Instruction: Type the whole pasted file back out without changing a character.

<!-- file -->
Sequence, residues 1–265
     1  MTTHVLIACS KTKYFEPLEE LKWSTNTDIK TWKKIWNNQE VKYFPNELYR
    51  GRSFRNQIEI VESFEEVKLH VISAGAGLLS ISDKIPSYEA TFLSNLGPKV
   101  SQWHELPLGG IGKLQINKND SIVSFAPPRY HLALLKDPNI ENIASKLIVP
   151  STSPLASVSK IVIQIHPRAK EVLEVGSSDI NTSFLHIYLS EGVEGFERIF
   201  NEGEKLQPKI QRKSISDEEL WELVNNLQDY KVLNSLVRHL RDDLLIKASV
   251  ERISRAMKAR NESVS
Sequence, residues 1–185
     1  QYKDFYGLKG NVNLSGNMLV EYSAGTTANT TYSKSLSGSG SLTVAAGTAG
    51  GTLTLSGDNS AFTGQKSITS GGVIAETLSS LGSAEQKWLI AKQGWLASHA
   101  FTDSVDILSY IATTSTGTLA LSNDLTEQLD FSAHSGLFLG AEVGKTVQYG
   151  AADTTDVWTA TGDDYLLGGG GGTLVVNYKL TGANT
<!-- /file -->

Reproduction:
Sequence, residues 1–265
     1  MTTHVLIACS KTKYFEPLEE LKWSTNTDIK TWKKIWNNQE VKYFPNELYR
    51  GRSFRNQIEI VESFEEVKLH VISAGAGLLS ISDKIPSYEA TFLSNLGPKV
   101  SQWHELPLGG IGKLQINKND SIVSFAPPRY HLALLKDPNI ENIASKLIVP
   151  STSPLASVSK IVIQIHPRAK EVLEVGSSDI NTSFLHIYLS EGVEGFERIF
   201  NEGEKLQPKI QRKSISDEEL WELVNNLQDY KVLNSLVRHL RDDLLIKASV
   251  ERISRAMKAR NESVS
Sequence, residues 1–185
     1  QYKDFYGLKG NVNLSGNMLV EYSAGTTANT TYSKSLSGSG SLTVAAGTAG
    51  GTLTLSGDNS AFTGQKSITS GGVIAETLSS LGSAEQKWLI AKQGWLASHA
   101  FTDSVDILSY IATTSTGTLA LSNDLTEQLD FSAHSGLFLG AEVGKTVQYG
   151  AADTTDVWTA TGDDYLLGGG GGTLVVNYKL TGANT